The UK economy would rapidly start to contract in the event of a disruptive exit from the EU next spring, according to a stark International Monetary Fund report that highlights the recession risks of no deal.
Christine Lagarde, the IMF’s managing director, said there would be “dire consequences” from a disorderly exit but added that there would be costs to the UK under any outcome.
Expressing the IMF’s growing concern at the possibility of an acrimonious divorce next March, Lagarde said: “If that happened there would be dire consequences. It would inevitably have consequences in terms of reduced growth, an increase in the [budget] deficit and a depreciation of the currency.
“In relatively short order it would mean a reduction in the size of the economy.”
Lagarde said the IMF’s forecast of 1.5% growth next year was based on a smooth exit from the EU. Her remarks were seized upon by the chancellor, Philip Hammond, as evidence that the UK had to strike a deal that would safeguard jobs and prosperity.
“As the IMF has said, no deal would be extremely costly for the UK as it would be for the EU,”Hammond said. “Despite contingency planning, it would put at risk the significant progress made over the past 10 years in repairing the economy.”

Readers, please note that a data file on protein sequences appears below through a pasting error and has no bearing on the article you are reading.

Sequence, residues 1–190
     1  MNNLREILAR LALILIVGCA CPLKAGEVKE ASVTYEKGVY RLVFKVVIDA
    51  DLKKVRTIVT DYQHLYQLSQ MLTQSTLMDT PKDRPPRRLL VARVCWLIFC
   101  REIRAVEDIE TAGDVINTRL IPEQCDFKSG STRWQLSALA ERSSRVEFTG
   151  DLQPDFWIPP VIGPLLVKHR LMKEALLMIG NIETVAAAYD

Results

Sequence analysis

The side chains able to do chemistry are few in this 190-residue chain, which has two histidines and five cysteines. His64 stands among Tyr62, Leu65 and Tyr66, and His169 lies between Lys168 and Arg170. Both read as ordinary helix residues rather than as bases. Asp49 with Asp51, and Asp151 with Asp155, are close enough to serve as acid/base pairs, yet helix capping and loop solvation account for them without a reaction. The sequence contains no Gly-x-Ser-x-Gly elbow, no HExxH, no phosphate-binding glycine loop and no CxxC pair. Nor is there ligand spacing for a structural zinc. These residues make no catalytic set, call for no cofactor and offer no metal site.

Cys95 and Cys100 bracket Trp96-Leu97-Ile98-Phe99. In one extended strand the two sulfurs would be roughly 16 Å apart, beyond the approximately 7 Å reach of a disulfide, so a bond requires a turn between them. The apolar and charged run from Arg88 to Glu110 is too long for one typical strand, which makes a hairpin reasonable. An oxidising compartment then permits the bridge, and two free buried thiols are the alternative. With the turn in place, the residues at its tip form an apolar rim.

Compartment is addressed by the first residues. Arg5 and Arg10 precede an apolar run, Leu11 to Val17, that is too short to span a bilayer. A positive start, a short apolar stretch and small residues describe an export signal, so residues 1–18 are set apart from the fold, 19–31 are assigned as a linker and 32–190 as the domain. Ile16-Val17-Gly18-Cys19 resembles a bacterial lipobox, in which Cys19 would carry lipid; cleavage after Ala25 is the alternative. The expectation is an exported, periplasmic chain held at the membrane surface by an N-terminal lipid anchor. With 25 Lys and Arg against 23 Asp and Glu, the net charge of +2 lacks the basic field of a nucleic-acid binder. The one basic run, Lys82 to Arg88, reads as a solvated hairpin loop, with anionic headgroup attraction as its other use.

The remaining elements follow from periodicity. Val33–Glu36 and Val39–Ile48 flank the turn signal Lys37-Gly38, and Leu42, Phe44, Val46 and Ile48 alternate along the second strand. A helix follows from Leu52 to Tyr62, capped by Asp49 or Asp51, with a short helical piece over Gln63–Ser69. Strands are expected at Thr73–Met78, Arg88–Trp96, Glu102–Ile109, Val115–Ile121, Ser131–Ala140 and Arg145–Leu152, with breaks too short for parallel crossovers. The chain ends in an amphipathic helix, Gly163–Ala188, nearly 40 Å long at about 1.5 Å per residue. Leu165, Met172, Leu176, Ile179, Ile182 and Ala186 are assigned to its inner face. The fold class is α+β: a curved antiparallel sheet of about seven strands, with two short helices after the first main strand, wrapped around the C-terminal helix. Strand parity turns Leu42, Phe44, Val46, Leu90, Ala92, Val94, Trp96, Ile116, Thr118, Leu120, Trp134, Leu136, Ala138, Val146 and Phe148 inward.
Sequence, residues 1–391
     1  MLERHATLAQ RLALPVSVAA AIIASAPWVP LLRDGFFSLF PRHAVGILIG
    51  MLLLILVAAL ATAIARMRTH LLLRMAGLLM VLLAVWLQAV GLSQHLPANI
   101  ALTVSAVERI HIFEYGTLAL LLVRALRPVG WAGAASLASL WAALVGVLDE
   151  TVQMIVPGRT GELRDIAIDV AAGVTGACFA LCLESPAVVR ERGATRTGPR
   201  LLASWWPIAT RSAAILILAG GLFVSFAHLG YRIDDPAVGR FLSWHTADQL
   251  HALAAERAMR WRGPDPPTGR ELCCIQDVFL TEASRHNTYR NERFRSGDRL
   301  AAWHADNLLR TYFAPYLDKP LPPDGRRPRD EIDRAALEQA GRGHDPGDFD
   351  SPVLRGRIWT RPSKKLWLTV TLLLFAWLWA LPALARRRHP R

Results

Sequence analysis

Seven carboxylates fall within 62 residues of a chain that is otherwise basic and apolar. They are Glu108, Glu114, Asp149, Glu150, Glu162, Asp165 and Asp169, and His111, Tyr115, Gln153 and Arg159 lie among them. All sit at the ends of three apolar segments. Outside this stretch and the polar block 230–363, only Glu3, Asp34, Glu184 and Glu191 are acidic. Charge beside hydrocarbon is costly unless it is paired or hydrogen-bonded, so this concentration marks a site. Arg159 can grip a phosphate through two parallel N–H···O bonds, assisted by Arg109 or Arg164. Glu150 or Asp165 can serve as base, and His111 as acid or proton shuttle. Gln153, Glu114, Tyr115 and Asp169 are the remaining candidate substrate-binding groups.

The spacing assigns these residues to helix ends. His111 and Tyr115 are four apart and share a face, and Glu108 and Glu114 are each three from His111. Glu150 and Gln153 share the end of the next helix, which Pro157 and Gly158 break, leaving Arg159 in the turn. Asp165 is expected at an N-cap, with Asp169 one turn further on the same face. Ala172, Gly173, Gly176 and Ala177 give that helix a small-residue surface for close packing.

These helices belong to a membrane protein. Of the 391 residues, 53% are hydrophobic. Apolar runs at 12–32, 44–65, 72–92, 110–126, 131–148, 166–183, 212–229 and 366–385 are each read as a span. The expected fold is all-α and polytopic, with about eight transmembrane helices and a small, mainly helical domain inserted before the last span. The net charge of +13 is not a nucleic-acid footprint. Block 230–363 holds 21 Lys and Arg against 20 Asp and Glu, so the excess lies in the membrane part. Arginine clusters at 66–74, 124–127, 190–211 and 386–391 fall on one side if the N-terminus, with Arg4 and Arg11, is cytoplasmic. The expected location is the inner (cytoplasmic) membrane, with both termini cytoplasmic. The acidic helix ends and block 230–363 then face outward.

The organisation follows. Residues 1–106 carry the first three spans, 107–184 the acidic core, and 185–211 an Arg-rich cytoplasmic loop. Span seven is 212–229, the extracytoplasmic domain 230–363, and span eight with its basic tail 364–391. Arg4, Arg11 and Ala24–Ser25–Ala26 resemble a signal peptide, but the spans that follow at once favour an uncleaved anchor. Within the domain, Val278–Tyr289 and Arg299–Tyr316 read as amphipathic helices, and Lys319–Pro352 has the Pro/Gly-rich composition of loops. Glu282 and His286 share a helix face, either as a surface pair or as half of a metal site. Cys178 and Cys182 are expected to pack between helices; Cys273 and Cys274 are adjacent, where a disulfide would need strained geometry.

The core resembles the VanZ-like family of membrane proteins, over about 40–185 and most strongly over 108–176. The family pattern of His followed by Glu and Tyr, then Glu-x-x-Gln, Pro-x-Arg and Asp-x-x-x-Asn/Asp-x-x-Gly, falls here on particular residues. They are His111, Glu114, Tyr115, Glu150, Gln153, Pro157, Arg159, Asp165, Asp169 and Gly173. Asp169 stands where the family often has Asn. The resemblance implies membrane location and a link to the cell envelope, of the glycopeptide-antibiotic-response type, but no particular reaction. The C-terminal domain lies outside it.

The IMF’s warning came in the preliminary findings of its annual health check into the UK economy. The Washington-based organisation will flesh out precise details of the size of a UK recession in the event of a disorderly Brexit when it publishes the final report in November.
Theresa May has battled leading eurosceptics over her Chequers proposals, warning that her plan for a deal with Brussels is the only option. She told the BBC on Monday it was either her deal, or no deal.
The IMF said UK growth has already dropped and business investment has been lower than would be expected since the EU referendum two years ago. It warned that all Brexit outcomes would be worse for the UK than EU membership, while arguing for an agreement that “minimises the introduction of new tariff and non-tariff barriers [which] would best protect growth and incomes in the UK and EU”.
Over time, new trade agreements with countries outside the EU could eventually reduce some of these losses for the UK, it said, adding: “However, such agreements are unlikely to bring sufficient benefits to offset the costs imposed by leaving the EU.”